The Kaiser-Darrin was a car made by Kaiser-Frazer between 1952 and 1954. The car was designed by Howard "Dutch" Darrin.

Howard built a clay model of his car in the first half of 1952 and this was then followed up by a running prototype. He did this without the knowledge and authorisation of the Kaiser Organisation by spending his own money on the project. The car he had built was a two-seater sports car.

The Darrin was a typical two-seater convertible but it had several unusual features. It's body was made of fibreglass and it had a three-position folding roof. The car also featured sliding doors as well as a small, high shell-shaped grille. The curvaceous lines of the Kaiser-Darrin were typical of designer “Dutch” Darrin

Some practical considerations had to be put into place for the production Darrin, but only one of these was to Dutch’s liking. This was the reworked front fenders to put the headlamps at regulation height. Other alterations Included separate lids for the trunk and top well (the prototype used a single rear-hinged cover), a one-piece (instead of split) windshield, a more professional interior with pleated vinyl upholstery (the prototype’s leather trim was made optional) and a revised dash with gauges clustered ahead of the wheel (instead of spread across the panel).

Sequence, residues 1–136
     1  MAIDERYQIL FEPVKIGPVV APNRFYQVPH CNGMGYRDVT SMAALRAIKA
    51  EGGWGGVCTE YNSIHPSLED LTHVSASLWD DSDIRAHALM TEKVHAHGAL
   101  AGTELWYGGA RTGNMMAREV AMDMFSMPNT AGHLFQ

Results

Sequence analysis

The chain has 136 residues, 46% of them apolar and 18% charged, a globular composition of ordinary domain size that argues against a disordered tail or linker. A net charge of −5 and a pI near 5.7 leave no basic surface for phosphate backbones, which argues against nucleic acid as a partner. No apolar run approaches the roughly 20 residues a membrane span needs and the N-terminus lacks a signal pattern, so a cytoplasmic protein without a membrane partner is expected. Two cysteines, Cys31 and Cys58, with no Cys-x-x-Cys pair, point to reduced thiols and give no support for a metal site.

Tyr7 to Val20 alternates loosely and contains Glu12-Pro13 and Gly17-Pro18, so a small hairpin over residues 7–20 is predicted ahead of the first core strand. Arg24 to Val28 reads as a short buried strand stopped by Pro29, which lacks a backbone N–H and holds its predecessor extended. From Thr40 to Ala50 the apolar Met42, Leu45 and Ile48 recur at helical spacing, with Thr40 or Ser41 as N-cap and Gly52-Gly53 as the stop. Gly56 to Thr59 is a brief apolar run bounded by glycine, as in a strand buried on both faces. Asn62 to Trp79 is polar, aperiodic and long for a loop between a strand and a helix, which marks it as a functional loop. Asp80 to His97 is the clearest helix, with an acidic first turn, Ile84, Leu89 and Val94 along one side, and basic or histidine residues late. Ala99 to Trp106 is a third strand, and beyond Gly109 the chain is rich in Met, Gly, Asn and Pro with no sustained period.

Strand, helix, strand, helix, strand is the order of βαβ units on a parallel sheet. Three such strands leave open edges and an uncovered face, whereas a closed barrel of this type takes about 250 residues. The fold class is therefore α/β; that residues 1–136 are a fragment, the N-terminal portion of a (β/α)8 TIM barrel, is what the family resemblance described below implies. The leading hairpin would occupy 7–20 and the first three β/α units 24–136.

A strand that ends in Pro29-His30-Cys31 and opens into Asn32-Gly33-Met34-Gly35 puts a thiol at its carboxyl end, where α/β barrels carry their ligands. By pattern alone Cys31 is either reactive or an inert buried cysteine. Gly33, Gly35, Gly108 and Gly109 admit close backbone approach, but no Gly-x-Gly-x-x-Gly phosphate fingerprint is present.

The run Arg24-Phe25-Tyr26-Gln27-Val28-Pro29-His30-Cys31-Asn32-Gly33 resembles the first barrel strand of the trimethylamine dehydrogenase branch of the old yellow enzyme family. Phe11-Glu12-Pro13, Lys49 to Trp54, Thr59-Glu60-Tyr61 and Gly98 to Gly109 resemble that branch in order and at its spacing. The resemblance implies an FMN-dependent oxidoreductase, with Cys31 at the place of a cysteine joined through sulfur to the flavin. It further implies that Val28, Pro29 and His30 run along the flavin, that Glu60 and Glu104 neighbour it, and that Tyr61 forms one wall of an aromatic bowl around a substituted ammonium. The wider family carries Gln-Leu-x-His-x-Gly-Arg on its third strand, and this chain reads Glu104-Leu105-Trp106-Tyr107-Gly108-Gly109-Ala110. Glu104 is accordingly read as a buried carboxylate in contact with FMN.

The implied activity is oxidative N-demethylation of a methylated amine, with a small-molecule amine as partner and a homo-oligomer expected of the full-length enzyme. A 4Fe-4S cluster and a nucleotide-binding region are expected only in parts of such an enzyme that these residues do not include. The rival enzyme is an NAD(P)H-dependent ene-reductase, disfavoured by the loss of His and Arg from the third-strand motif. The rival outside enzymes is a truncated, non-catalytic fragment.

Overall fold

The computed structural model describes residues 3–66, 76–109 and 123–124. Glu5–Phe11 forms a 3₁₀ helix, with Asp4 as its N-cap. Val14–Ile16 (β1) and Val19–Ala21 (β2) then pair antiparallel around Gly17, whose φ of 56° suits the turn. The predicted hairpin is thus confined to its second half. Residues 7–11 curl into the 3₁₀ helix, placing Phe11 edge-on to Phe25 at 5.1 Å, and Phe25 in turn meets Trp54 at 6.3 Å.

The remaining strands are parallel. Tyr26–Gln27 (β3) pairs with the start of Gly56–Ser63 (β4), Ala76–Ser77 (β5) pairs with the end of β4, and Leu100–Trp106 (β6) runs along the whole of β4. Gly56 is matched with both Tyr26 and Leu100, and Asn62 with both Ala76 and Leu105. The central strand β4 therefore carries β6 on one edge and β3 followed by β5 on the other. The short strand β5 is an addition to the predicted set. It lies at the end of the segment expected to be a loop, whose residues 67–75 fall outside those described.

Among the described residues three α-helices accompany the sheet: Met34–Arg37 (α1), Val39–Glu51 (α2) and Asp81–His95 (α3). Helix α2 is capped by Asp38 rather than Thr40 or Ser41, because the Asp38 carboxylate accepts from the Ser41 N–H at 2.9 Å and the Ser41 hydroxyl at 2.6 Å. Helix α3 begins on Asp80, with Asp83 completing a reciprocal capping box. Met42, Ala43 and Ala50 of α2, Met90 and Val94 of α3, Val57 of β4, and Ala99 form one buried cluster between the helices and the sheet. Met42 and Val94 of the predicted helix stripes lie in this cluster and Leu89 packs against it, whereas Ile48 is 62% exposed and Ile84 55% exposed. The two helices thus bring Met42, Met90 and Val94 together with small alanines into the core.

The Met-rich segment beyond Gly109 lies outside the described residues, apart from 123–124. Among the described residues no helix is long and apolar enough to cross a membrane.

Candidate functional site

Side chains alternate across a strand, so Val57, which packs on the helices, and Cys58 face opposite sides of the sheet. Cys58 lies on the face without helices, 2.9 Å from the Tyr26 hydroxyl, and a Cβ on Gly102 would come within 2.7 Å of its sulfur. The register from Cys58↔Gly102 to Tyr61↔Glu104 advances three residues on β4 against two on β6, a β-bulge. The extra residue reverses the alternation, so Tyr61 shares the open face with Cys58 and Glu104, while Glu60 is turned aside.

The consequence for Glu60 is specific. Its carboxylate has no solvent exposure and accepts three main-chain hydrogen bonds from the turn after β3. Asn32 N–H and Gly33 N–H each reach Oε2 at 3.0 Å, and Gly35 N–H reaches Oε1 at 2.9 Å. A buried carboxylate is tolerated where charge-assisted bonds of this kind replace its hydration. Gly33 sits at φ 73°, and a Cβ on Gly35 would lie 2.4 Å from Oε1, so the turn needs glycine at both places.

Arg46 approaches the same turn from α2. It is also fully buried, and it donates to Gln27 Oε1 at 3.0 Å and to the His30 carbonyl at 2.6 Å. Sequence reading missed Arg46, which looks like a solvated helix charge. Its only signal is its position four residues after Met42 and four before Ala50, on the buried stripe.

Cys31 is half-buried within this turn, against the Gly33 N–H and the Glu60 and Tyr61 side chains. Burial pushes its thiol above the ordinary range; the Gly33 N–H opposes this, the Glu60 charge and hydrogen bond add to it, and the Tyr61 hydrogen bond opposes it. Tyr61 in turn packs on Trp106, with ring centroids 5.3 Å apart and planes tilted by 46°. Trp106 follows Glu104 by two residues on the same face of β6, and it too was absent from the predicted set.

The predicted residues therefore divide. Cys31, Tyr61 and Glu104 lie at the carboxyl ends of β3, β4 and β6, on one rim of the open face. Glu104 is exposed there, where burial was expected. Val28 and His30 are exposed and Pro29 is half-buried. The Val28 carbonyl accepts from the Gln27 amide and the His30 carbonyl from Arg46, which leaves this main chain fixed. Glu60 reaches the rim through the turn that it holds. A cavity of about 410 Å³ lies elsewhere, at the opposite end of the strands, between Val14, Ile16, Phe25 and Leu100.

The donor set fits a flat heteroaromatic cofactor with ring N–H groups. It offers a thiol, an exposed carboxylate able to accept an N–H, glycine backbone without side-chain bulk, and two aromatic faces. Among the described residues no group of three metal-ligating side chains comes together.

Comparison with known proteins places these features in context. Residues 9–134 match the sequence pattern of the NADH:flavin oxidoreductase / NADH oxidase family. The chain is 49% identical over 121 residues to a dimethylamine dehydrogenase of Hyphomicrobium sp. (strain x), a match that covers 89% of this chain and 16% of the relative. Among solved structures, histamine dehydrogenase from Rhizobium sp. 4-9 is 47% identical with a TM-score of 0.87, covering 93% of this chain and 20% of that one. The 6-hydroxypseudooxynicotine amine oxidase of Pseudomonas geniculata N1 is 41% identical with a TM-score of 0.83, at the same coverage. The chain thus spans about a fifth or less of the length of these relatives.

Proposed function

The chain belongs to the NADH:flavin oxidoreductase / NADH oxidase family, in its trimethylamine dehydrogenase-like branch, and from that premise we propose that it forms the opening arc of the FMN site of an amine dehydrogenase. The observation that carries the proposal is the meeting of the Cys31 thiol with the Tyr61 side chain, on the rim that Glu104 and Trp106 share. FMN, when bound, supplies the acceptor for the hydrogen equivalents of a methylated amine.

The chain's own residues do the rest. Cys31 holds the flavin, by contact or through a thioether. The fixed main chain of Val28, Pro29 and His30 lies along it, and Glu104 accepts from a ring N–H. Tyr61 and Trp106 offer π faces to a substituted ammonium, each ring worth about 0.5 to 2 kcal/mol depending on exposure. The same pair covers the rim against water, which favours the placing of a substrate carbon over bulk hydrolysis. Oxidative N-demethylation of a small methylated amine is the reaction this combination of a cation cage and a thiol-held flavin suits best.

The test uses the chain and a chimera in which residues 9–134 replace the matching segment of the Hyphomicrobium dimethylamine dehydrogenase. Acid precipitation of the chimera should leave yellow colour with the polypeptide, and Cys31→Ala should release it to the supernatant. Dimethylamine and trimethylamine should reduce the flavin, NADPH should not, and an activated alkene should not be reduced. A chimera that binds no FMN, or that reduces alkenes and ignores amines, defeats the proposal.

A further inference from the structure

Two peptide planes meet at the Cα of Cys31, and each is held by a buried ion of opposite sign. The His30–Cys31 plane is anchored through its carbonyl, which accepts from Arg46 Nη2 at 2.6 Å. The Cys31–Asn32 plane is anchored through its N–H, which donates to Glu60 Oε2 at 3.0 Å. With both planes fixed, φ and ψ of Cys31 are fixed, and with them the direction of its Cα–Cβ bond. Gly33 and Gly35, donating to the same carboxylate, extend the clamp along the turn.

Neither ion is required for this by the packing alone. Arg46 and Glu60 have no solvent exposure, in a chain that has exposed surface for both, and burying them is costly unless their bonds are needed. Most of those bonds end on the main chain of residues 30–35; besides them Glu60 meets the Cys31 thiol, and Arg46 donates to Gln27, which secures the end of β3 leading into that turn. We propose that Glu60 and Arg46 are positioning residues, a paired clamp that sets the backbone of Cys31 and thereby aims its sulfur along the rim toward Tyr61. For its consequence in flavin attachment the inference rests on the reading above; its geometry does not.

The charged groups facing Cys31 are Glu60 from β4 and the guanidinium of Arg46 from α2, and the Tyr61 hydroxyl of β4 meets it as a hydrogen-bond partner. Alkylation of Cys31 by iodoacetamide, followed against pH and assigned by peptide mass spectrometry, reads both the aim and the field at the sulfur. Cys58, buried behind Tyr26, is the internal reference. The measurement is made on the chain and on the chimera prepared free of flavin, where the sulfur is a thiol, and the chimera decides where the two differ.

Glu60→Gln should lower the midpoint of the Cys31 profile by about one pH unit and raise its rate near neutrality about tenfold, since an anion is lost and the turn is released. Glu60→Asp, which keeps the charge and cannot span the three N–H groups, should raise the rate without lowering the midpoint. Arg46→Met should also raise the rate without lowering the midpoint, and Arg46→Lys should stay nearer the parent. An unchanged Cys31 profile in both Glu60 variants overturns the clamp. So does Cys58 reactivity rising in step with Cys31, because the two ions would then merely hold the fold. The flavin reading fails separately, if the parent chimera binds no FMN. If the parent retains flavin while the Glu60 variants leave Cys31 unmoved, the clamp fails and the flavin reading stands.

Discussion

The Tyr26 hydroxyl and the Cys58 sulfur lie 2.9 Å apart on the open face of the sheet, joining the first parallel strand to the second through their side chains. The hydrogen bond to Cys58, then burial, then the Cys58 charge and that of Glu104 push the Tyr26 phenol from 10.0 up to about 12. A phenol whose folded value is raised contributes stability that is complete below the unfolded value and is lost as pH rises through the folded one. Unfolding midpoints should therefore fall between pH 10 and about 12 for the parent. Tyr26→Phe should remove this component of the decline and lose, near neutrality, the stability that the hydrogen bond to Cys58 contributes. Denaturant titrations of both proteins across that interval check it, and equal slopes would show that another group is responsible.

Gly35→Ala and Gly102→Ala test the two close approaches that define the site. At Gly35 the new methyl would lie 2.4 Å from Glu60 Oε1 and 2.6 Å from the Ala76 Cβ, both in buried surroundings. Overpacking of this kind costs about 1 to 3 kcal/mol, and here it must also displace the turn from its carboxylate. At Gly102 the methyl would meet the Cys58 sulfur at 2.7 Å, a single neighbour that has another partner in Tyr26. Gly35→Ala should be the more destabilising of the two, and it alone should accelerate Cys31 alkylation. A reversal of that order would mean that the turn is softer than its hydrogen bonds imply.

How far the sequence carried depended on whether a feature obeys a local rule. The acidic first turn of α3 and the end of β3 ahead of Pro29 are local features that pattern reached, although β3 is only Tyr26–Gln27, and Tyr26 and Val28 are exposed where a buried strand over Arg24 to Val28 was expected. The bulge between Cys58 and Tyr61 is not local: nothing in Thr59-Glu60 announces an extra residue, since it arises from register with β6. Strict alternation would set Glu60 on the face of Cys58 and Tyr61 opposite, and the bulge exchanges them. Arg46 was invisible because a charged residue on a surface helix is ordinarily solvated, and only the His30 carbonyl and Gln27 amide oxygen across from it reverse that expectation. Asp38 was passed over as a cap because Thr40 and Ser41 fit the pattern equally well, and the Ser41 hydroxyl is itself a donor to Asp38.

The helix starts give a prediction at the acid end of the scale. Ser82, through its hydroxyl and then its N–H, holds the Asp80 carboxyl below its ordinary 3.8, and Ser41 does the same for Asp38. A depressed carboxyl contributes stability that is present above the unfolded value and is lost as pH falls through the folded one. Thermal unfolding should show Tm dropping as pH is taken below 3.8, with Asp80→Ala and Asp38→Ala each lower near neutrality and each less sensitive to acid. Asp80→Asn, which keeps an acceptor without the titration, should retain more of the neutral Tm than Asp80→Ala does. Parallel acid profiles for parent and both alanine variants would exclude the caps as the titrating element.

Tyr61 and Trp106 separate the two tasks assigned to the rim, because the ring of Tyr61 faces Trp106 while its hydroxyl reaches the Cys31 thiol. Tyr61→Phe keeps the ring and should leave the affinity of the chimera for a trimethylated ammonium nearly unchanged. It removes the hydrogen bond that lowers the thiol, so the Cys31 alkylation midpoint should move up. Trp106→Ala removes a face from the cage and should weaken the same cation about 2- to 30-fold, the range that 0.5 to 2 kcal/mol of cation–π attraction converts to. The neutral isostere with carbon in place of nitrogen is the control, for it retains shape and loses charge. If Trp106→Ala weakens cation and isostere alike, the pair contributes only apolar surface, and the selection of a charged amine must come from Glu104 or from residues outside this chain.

The Darrin was fitted with seatbelts wich had only been the second time they had appeared in U.S. on a production vehicle. The engine was a F-head Willys version of the Henry J six, with single carburetor. Glasspar who were the pioneer builder of fiberglass boat hulls and kit cars were contracted to supply Darrin bodies.

The Darrin did not his showrooms unit 1954 ad with a lofty $3668 price tag, it cost more than a Cadillac 62 or Lincoln Capri. It was well fully equipped with a 3-speed manual transmission (with overdrive), tachometer, windwings, electric window wipers, whitewall tires etc. The performance wasn't too spectacular as it was less than Chevrolet's new Corvette but a couple of superchared versions of the Darrin were among the quickest sports cars in 1954.

Only 435 Darrins were built and today there is more than 300 surviving examples which is unusual for a car with such a small production figure.